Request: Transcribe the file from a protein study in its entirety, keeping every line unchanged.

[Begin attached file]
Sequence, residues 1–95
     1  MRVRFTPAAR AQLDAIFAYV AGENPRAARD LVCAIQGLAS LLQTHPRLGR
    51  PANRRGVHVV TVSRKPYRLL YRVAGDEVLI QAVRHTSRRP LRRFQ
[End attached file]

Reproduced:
Sequence, residues 1–95
     1  MRVRFTPAAR AQLDAIFAYV AGENPRAARD LVCAIQGLAS LLQTHPRLGR
    51  PANRRGVHVV TVSRKPYRLL YRVAGDEVLI QAVRHTSRRP LRRFQ